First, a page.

Better Line Tool for Pixel Art

Last week I went over how to implement flood fill and line tool in HTML Canvas with undo/redo functionality. However, I wasn’t happy with the line tool code because the lines had extra squares that I didn’t want to draw. The code I was using was originally for non-pixel art, so this time I reworked the code to make pixel-perfect lines.

First, let’s look at the old code:

`function actionLine(sx, sy, tx, ty, currentColor, ctx, scale = 1) {  ctx.fillStyle = currentColor.color;  // finds the distance between points  function lineLength(x1, y1, x2, y2) {    return Math.sqrt((x2 - x1) * (x2 - x1) + (y2 - y1) * (y2 - y1));  }  // finds the angle of (x,y) on a plane from the origin  function getAngle(x, y) {    return Math.atan(y / (x == 0 ? 0.01 : x)) + (x < 0 ? Math.PI : 0);  }  let dist = lineLength(sx, sy, tx, ty); // length of line  let ang = getAngle(tx - sx, ty - sy); // angle of line  for (let i = 0; i < dist; i++) {    // for each point along the line    ctx.fillRect(      Math.round(sx + Math.cos(ang) * i) * scale, // round for perfect pixels      Math.round(sy + Math.sin(ang) * i) * scale, // thus no aliasing      scale,      scale    ); // fill in one pixel, 1x1  }  //fill endpoint  ctx.fillRect(    Math.round(tx) * scale, // round for perfect pixels    Math.round(ty) * scale, // thus no aliasing    scale,    scale  ); // fill in one pixel, 1x1}`

One major problem with this code is that we’re iterating through points along the line (on the diagonal), however for pixel art there’s only as many pixels as either the vertical or horizontal component, depending on which one is longer. Also, instead of just taking the cosine for the x component, and sine for the y component, we’ll want just the length for the longer component. For the shorter component, we need to do a little bit more trigonometry.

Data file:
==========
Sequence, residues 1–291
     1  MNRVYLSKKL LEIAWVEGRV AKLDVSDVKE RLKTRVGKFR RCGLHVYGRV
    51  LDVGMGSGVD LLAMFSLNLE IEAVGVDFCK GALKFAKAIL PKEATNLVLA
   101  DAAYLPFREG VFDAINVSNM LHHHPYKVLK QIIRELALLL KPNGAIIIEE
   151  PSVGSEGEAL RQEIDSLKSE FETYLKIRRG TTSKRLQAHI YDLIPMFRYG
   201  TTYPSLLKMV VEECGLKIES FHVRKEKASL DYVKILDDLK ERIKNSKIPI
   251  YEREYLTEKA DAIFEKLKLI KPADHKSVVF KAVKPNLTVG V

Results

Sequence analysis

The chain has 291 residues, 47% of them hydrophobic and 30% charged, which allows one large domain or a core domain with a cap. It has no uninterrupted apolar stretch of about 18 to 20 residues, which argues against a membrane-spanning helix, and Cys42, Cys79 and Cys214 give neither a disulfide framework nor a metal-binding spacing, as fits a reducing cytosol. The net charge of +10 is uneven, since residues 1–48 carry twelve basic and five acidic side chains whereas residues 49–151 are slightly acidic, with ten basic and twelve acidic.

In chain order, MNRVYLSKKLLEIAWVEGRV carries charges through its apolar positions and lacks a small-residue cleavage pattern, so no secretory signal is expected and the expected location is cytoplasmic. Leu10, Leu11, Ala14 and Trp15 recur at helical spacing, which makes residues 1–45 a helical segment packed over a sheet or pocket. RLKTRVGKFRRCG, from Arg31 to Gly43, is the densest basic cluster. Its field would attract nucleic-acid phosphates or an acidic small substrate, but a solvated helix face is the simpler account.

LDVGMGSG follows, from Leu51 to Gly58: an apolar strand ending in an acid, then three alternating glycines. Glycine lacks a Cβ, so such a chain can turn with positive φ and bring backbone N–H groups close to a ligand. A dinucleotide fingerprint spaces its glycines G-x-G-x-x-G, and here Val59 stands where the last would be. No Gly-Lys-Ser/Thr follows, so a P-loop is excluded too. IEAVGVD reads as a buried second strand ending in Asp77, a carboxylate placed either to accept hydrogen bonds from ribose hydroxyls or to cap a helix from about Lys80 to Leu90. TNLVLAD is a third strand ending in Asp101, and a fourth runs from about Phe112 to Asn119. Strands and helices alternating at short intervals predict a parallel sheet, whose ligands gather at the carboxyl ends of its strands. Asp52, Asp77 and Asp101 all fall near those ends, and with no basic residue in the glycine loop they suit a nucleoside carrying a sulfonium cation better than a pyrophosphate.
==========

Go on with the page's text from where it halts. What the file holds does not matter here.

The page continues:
`xComponent = sx + Math.sign(Math.cos(ang))*i;yComponent = sy + Math.tan(ang)*Math.sign(Math.cos(ang))*i;`

So for the longer component, we just need the sign of the cosine to draw in the correct direction. For the shorter component, we multiply by the tangent as well. However, this won’t work for angles that have a longer y component. This is because the side we’re calculating for is now adjacent, not opposite. To fix this, I chose to change which angle we’re using to calculate instead of using different trig functions.

`xComponent = Math.tan((Math.PI/2)-ang)*Math.sign(Math.cos((Math.PI/2)-ang));yComponent = Math.sign(Math.cos((Math.PI/2)-ang));`

Here’s the new code, which switches the calculation based on which component is longer:

`function actionLine(sx, sy, tx, ty, currentColor, ctx, scale = 1) {    ctx.fillStyle = currentColor.color;    //create triangle object    let tri = {}    function getTriangle(x1,y1,x2,y2,ang) {        if(Math.abs(x1-x2) > Math.abs(y1-y2)) {            tri.x = Math.sign(Math.cos(ang));            tri.y = Math.tan(ang)*Math.sign(Math.cos(ang));            tri.long = Math.abs(x1-x2);        } else {             tri.x = Math.tan((Math.PI/2)-ang)*Math.sign(Math.cos((Math.PI/2)-ang));            tri.y = Math.sign(Math.cos((Math.PI/2)-ang));            tri.long = Math.abs(y1-y2);        }    }    // finds the angle of (x,y) on a plane from the origin    function getAngle(x,y) { return Math.atan(y/(x==0?0.01:x))+(x<0?Math.PI:0); }let angle = getAngle(tx-sx,ty-sy); // angle of line    getTriangle(sx,sy,tx,ty, angle);    for(let i=0;i<tri.long;i++) {        let thispoint = {x: Math.round(sx + tri.x*i), y: Math.round(sy + tri.y*i)};        // for each point along the line        ctx.fillRect(thispoint.x*scale, // round for perfect pixels                    thispoint.y*scale, // thus no aliasing                    scale,scale); // fill in one pixel, 1x1    }    //fill endpoint    ctx.fillRect(Math.round(tx)*scale, // round for perfect pixels                    Math.round(ty)*scale, // thus no aliasing                    scale,scale); // fill in one pixel, 1x1}`

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